If Isaac had not been released from his sacrifice of death, we would not be alive today!

And because Abraham was faithful, God made the promise unconditional, and the Israelitish nations have been blessed beyond all imagination, in physical possessions, wealth, power, and good life.

Do you see any spiritual comparisons in all this?

Since Christ, the Lamb of God (John 1:29, 36), was raised from the dead, following His being sacrificed, He is alive today (Revelation 1:18).

And because He is alive, all of us, in the body of Christ, have life in us, and the people of the world will be able to have that same life in them, because Christ was released from His sacrifice of death, and He lives today (John 3:36; 5:34; 6:35, 47, 54).

And because God is faithful, the spiritual Israelites of the Israel of God, the ekklesia of God, have eternal life, and will have unimaginable wealth and power as immortal spirit sons of God, and pleasures forevermore at the right hand of God (Psalms 16:11).

In one part of the prophecy, Christ was the promised Seed of Abraham. In another part of the prophecy, Isaac, although he was the only child of Abraham and Sarah, was not the only promised seed. There were to be others.

Let's read about this in Galatians 3:6: "...just as Abraham 'believed God, and it was accounted to him for righteousness.'" Skipping verse 7 for the moment, let's continue in verse 8: "And the Scripture, forseeing that God would justify the nations by faith, preached the Gospel to Abraham beforehand, saying, 'In you all the nations shall be blessed.'"

Then Paul explains, over in verse 16: "Now to Abraham and his Seed were the promises made. He does not say, 'And to your seeds,' as of many, but as of one, 'And to your Seed,' who is Christ."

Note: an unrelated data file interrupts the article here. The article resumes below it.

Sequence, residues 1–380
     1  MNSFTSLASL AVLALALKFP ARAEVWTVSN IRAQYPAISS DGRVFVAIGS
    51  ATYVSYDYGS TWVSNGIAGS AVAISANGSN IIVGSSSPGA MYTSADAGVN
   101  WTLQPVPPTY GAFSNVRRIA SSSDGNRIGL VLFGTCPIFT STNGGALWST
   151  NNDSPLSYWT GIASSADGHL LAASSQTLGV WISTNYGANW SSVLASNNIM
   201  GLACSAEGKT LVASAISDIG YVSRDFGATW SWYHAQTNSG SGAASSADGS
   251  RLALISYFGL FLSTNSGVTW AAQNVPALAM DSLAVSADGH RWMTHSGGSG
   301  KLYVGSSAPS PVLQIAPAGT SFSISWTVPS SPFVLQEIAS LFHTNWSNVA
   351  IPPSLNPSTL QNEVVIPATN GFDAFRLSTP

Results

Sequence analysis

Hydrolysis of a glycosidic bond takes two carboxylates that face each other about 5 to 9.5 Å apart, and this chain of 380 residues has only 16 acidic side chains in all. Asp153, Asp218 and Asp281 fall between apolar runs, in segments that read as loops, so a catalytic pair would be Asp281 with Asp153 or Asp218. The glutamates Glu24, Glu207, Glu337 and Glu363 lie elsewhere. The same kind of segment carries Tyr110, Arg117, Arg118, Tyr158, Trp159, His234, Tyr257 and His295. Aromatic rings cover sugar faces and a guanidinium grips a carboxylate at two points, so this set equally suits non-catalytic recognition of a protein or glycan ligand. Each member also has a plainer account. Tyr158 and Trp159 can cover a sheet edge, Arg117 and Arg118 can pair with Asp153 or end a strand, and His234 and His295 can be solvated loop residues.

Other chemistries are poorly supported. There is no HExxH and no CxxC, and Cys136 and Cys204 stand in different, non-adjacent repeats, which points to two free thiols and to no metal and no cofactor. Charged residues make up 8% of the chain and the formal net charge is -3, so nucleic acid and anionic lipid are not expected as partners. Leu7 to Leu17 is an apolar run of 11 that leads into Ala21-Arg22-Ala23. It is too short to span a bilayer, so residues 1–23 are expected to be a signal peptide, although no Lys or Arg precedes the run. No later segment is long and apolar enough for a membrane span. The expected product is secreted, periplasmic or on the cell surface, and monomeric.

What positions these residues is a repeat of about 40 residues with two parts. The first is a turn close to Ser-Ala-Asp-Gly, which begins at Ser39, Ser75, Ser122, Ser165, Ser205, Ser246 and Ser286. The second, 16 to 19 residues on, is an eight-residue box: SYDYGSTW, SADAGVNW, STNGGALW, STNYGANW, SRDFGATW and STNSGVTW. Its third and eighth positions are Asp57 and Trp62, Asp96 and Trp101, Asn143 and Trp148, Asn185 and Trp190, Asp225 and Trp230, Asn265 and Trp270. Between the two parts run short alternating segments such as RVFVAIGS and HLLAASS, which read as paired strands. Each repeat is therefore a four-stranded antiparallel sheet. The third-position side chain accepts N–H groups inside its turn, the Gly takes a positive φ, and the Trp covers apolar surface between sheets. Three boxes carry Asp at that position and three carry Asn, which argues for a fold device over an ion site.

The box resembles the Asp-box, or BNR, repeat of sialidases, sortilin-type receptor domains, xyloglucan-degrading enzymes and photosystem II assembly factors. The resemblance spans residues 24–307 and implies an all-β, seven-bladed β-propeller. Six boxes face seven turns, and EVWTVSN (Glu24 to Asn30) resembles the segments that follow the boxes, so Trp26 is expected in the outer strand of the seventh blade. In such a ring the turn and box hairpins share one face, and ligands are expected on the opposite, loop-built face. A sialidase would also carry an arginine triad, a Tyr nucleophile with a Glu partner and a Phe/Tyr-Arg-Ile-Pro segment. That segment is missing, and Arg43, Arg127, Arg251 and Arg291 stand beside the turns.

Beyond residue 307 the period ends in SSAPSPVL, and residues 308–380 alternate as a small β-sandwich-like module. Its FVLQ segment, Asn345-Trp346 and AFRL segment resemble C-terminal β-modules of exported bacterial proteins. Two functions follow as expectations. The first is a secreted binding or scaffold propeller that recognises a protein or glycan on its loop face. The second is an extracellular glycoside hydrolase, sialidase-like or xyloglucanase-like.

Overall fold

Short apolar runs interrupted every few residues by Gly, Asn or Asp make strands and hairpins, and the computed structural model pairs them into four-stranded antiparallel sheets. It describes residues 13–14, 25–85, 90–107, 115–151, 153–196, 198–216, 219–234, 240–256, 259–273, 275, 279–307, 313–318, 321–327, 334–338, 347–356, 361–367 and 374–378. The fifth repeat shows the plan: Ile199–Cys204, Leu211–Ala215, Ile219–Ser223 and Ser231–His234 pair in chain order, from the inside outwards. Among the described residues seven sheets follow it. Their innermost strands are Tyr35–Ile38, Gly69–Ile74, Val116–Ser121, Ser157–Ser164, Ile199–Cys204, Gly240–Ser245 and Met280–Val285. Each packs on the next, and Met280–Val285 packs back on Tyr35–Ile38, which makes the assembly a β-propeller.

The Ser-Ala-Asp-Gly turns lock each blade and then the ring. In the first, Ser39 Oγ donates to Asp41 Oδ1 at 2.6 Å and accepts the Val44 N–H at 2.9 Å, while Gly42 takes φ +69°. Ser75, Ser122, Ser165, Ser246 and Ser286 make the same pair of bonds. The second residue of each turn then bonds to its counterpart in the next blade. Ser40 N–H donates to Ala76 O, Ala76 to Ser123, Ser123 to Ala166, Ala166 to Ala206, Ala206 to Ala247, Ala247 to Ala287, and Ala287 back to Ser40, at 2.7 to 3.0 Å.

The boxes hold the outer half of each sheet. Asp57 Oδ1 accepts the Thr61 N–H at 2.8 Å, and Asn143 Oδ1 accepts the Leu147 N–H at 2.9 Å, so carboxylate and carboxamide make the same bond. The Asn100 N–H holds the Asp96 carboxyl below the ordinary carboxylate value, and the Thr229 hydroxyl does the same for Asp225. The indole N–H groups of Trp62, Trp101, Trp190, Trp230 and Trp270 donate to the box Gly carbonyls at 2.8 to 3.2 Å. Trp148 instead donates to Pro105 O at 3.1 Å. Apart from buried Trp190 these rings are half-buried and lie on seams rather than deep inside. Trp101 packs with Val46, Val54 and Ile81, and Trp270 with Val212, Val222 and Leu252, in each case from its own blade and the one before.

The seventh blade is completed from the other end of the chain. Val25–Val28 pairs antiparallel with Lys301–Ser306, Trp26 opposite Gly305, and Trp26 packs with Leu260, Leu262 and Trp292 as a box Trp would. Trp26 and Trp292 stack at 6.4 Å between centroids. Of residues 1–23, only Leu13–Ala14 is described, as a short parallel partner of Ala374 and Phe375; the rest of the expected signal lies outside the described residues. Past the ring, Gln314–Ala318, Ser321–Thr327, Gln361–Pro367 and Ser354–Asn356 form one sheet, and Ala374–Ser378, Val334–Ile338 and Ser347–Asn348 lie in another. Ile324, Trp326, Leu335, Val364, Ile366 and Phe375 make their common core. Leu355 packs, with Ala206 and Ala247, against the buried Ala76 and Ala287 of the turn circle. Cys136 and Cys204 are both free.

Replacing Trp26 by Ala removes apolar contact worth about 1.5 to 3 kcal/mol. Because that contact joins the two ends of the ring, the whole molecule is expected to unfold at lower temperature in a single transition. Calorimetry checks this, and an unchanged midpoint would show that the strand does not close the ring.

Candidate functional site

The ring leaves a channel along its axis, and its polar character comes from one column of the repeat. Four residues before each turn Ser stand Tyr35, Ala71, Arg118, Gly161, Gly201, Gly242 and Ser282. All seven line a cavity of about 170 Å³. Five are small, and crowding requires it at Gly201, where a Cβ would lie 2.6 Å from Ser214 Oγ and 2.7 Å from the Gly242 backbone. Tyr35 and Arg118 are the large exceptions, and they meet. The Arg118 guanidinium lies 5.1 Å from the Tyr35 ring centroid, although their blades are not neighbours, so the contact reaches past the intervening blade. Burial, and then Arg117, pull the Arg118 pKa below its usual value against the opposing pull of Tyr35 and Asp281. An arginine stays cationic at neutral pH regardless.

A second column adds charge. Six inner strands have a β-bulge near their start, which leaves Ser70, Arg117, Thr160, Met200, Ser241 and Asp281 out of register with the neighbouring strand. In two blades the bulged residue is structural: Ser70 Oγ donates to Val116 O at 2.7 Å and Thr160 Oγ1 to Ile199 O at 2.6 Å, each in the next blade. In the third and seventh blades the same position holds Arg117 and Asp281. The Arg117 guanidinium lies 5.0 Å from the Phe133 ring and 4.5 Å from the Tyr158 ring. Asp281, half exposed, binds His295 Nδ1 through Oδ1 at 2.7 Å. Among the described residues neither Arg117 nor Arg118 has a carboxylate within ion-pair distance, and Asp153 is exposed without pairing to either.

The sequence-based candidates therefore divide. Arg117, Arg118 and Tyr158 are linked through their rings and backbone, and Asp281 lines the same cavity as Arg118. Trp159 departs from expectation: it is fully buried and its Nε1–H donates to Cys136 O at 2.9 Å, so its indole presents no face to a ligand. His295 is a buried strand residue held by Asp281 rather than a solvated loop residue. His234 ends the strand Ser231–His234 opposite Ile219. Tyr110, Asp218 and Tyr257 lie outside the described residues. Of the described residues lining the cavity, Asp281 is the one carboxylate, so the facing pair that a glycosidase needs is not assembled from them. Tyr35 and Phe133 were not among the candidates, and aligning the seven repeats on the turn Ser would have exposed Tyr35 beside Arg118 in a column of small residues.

But we know that Abraham was prophesied to be the father of many nations, and that the promise would be fulfilled through Isaac's descendants. In fact, just a little later, Paul wrote, "Now we, brethren, as Isaac was, are children of promise" (Galatians 4:28).

Do you see? Isaac was a child of promise, but so are we also children of promise! This is another aspect of the prophecies for Abraham and his descendants.

Let's go back now and look at the verse we skipped earlier: "Therefore know that only those who are of faith are sons of Abraham" (Galatians 3:7).

"For if the inheritance is of the law, it is no longer of promise; but God gave it to Abraham by promise" (verse 18). So Abraham received these promises, and we in the ekklesia are sons of Abraham. What does that mean?

"And if you are Christ's then you are Abraham's seed, and heirs according to the promise" (verse 29)!

Abraham was promised many nations as descendants, through our father Isaac, and that the world would be blessed because of them. That is, because of us.

And we in the ekklesia, whether or not we descended directly from Abraham or Isaac, are every bit as much children of the promise as Isaac was!

That's what Paul was saying in Galatians. The Israelitish nations that exist today are every bit as much a fulfillment of prophecy, and of God's keeping His promise to Abraham, as his own son Isaac was.

If Abraham had not sacrificed Isaac, the promises would not have become unconditional. And without Isaac being alive after the sacrifice, in order to raise up his son Jacob, these nations would not be here.

If the Father had not sacrificed Christ, and if Christ wasn't alive after He was sacrificed, to raise up the ekklesia -- spiritual Israel -- none of us would be in God's assembly, coming out of sin! There wouldn't be a church of God, a body of Christ, an assembly of believers, carrying the gospel message around the world -- and into our neighborhoods -- to the nations of Israel.

And there wouldn't be any nations of Israel to whom the ekklesia would bring the gospel!

What, then, did Abraham's sacrifice of his and Sarah's only-begotten son Isaac, on a deserted mountaintop dozens of centuries ago, have to do with us today, in the 20th century? What significance did a pile of rocks, and an old man, and a knife, have in the fulfillment of God's plan in each one of our lives?

Just about everything!